The Minnesota Twins made a quick exit from the MLB playoffs, but not before setting a record of dubious distinction.

On Tuesday, Minnesota lost its 17th straight postseason game, breaking a tie with the NHL’s Chicago Blackhawks for the longest stretch of postseason futility across the major North American sports leagues. Not quite satisfied with the torment they’d already put their fans through, the Twins lost again Wednesday, becoming the first team eliminated from MLB’s expanded playoffs.

That expansion, from 10 to 16 teams for only this pandemic-altered season, allowed the Houston Astros and the Milwaukee Brewers to become the first MLB teams to make the playoffs with losing records (not counting the 1981 Kansas City Royals, who had a losing record overall but a winning mark in the second half of that strike-divided season). The 29-31 Astros were pitted against the 36-24 Twins in the best-of-three first round, at which point Minnesota’s superiority in the regular season proved no match for its long-standing misery in the postseason.

“We weren’t expecting this, you know? I don’t think anyone was really expecting it to end this way,” Twins slugger Nelson Cruz said after Wednesday’s loss in Minneapolis. “I mean, like life, baseball is also tough. It’s unpredictable.”

For Minnesota fans, playoff losses have become far too predictable. At 18 straight, the Twins pushed two ahead of the Blackhawks and five ahead of the Boston Red Sox (1986 to 1995), who have the second-longest MLB streak. Tied at 14 games in other leagues are the NHL’s Los Angeles Kings (1993 to 2001) and the NBA’s Detroit Pistons, whose playoff losing streak began in 2008 and is ongoing.

The NFL’s Detroit Lions also possess a record playoff losing streak — nine games, dating back to a lopsided loss to Washington in the 1992 NFC championship game — that continues to this day.

The Twins’ streak dates back to Oct. 6, 2004, when they dropped Game 2 of an American League Division Series against the Yankees in 12 innings. New York won the next two games to finish off that series then won the next three against Boston in the American League Championship Series before the Red Sox staged an unprecedented rally, starting with a 12-inning win in Game 4, to move on to the World Series.

The Twins made it back to the divisional round in 2006, 2009 and 2010, only to lose 3-0 each time, including twice more to the Yankees. New York again bounced Minnesota in a one-and-done wild-card game in 2017, and the Bronx Bombers continued their dominance in 2019, posting yet another 3-0 LDS sweep of the Twins.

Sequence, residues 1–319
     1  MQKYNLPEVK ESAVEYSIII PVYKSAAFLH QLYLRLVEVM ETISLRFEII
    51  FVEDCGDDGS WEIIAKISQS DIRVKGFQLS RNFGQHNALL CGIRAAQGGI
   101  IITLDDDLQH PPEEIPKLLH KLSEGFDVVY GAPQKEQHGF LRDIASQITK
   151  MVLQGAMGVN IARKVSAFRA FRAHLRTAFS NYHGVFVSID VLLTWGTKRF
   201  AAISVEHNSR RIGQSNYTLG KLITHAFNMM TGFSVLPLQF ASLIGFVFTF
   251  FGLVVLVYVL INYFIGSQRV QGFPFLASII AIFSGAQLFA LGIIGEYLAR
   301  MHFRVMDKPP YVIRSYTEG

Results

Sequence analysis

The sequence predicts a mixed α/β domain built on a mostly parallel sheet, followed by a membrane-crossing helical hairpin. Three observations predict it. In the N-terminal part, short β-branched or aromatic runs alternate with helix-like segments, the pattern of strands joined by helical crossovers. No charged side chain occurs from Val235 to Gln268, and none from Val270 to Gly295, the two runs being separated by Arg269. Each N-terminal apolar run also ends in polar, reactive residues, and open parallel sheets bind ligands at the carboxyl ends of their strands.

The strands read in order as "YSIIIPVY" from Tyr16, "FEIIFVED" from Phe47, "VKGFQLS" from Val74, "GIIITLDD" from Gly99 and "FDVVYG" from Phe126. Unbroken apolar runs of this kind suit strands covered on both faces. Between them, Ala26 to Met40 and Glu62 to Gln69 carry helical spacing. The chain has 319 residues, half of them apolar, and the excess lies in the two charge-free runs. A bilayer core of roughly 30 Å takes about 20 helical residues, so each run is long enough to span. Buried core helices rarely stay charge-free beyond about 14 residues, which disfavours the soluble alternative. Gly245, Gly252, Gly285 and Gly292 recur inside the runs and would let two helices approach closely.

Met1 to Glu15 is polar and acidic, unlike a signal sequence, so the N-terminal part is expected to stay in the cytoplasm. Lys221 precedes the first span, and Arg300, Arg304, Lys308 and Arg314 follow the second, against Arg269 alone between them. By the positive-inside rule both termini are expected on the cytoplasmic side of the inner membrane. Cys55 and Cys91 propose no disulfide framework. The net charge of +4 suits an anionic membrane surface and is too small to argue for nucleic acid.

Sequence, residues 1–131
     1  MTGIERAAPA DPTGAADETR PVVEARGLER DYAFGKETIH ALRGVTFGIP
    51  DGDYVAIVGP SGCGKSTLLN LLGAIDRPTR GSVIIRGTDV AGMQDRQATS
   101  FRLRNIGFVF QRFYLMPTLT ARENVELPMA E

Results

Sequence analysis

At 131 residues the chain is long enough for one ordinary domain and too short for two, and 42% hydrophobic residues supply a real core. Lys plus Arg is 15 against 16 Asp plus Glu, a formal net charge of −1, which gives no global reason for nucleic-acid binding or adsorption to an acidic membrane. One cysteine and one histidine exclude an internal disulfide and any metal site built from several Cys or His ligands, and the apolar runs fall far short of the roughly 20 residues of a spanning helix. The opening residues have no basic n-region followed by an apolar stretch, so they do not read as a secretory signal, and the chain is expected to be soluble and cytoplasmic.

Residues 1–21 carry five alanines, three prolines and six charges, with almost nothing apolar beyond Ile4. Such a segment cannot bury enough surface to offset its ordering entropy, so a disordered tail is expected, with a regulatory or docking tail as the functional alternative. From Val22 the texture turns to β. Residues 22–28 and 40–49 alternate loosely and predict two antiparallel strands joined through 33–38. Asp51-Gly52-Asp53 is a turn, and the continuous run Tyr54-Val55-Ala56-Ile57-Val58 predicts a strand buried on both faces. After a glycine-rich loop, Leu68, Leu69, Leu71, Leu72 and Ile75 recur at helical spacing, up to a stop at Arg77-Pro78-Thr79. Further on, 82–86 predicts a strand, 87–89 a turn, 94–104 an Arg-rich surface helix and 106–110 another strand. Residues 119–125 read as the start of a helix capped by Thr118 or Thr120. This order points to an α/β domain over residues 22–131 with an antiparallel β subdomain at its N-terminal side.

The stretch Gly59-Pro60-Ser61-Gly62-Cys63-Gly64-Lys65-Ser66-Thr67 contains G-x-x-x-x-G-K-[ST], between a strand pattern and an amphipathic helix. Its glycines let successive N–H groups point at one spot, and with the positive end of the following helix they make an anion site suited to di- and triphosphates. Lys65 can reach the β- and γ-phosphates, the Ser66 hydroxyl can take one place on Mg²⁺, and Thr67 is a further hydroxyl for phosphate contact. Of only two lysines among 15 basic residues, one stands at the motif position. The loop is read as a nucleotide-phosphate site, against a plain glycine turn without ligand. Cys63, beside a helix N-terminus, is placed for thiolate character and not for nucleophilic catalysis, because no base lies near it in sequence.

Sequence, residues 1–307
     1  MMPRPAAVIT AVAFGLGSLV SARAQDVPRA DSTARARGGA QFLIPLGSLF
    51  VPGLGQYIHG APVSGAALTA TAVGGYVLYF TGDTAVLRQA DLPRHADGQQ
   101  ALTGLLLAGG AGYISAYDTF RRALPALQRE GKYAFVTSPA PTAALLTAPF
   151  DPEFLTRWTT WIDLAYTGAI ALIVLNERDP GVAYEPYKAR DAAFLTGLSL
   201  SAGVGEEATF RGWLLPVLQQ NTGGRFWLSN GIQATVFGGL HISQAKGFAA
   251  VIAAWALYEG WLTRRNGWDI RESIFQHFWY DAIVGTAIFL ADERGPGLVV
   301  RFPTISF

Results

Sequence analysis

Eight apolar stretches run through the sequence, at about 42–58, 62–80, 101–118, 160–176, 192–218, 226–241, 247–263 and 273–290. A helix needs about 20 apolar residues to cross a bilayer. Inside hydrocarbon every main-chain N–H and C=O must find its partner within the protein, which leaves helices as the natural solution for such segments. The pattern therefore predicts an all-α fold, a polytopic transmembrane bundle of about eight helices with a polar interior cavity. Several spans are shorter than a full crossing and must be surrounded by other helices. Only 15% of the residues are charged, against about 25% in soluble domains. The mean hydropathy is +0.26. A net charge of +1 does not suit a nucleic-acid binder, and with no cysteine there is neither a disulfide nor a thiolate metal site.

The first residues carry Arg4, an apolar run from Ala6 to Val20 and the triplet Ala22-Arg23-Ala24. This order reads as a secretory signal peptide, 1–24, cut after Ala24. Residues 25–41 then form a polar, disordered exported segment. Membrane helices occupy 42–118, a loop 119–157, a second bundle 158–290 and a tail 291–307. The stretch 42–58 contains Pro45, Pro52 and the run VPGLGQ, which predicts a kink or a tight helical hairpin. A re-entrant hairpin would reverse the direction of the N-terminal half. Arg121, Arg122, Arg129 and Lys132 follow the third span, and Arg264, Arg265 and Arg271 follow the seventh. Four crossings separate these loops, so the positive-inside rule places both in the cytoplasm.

So at least this year’s heartbreak came against different foe. Then again, the Astros became the sport’s supervillains in the wake of a sign-stealing scandal that earned the franchise major penalties in January.

In Tuesday’s opener, the Twins blew a lead in the seventh inning before disaster struck in the ninth. The team was about to escape a dangerous situation with two outs when shortstop Jorge Polanco flubbed his throw on what should have been an inning-ending force out. That helped load the bases, at which point relief pitcher Sergio Romo issued a full-count walk to José Altuve, sending in the first of three unearned runs in a 4-1 Houston victory.

Fresh off becoming the first MLB team to win a playoff game after posting a losing record in the regular season, the Astros took a 1-0 lead in the fourth inning Wednesday and tacked on runs in the seventh and ninth en route to a 3-1 result.

Over the two games of the series, the Twins batted just .119, and they ended their season by having gone 47 straight innings without a home run.

Of course, that’s not the streak that most vexes Minnesota fans.

As a number of observers pointed out, the odds of a team losing 17 straight playoff games, assuming its chances of winning each time were more or less equal to those of its opponents, were 1 in 131,072. Now, even more improbably, the streak is at 18, and those in the Land of 10,000 Lakes can only wonder if it will take that many postseason games before their baseball team wins again.

“I hope at some point they break that seal,” Minnesota pitcher Jake Odorizzi said after Wednesday’s game, “because there’s a lot of really great fans, really great people inside the clubhouse. … This city deserves some winning baseball here in the future.”

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